Nothing perks up parish life like occasional guest speakers like Scott Hahn, Father John Corapi, or Father Benedict Groeschel. For Prolife emphasis there’s Priests for Life or the Fathers of Mercy; and there are many Catholic artists available for concerts with a message for our youth. Recently one of our diocesan priests held a seminar at our parish on praying the Liturgy of the Hours. It was well attended. Oftentimes these visiting priests are asked to speak at all the weekend Masses, which is a great way to reach the whole parish.
Also available at our parish is a Natural Family Planning teaching couple that can offer NFP classes at least three times a year – and we have a beautiful handout that goes in the bulletin each time they are about to start a class.
8. Open for Discussion
The Legion of Mary’s discussion group called “The Patricians” can have a remarkable effect on the parish. It is great adult education. We average about 40 people a month, but we’ve had as high as 100 attend. Some topics have been The Meaning of Suffering, Angels and Demons, What Does the Church teach about Miracles or How to Respond to the DaVinci Code. This is an all laity discussion; monitored by the priest who gives his talk towards the end, based on the ideas (and/or heresies!) generated during the session. The topics are often not fully covered, so that the “Patricians” find themselves discussing them on their own on other occasions.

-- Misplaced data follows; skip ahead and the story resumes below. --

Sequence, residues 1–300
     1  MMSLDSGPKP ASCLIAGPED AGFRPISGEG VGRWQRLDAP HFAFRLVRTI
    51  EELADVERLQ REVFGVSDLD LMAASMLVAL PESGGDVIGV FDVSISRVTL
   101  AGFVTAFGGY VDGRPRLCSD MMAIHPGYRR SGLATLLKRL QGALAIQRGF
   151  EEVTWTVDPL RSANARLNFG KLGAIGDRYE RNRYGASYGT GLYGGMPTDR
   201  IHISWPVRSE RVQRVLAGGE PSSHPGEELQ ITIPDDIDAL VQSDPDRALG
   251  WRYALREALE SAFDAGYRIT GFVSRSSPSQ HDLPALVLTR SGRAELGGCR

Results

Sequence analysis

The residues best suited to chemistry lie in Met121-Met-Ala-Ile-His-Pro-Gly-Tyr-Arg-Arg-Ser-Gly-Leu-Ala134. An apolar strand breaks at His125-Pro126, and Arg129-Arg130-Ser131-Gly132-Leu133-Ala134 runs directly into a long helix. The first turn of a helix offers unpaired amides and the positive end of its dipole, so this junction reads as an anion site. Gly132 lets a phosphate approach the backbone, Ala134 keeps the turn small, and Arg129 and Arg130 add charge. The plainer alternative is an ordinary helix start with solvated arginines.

My other recommendation for monthly adult education is the Book of the Month discussion, based on good Catholic books that are ordered and put on sale in the gift shop. Titles range from biographies of saints and famous laypersons to theology and spiritual reading categories. About 15 to 20 attend each month, and there is usually much enriching discussion.
9. CD or Not CD – No Question!
When it comes to catechizing, there is no better tool than the spoken CD. At Christmas or Easter we will give a gift of a free CD on some topic on the Faith to all the parishioners as they leave Mass. We have to reach those “Christmas and Easter Catholics” somehow! It has been a Scott Hahn or Father Corapi conversion tape, a CD on how to pray the rosary or Father Larry Richards on the Mass or on Confession. In fact, this past Palm Sunday we gave out 3,000 copies of the one on Confession. Hundreds of people listened to it during Holy Week and came to confession. Last Christmas we gave out the Seven Secrets of the Eucharist. There’s no question that the CD is the right tool for this technical age.
I recommend the Catholic Lighthouse CDs. With about 150 different titles and a CD stand, it’s a great buy. The Mary Foundation is another economical place for CDs; if you buy in large quantities they’re only .50 each. Left in the vestibule and at each of the exits, people will pick them up and usually leave a donation. But if they don’t, who cares! We’re interested in souls. If we get a convert by their listening to Scott Hahn or Father Corapi, or if a lapsed Catholic comes back, we’ll get our money back in the collection!
Father Francis Peffley graduated from Christendom College in Front Royal, VA with a B.A. in Theology. He attended Mount St. Mary’s Seminary in Emmitsburg, MD where he received his M.Div. and M.A. He was ordained to the priesthood in 1990 for the diocese of Arlington, VA. In June, 2001 he was named founding pastor of Holy Trinity parish in Gainesville, VA. He is Diocesan Spiritual Director for the Legion of Mary. This is his fifth article to appear in HPR.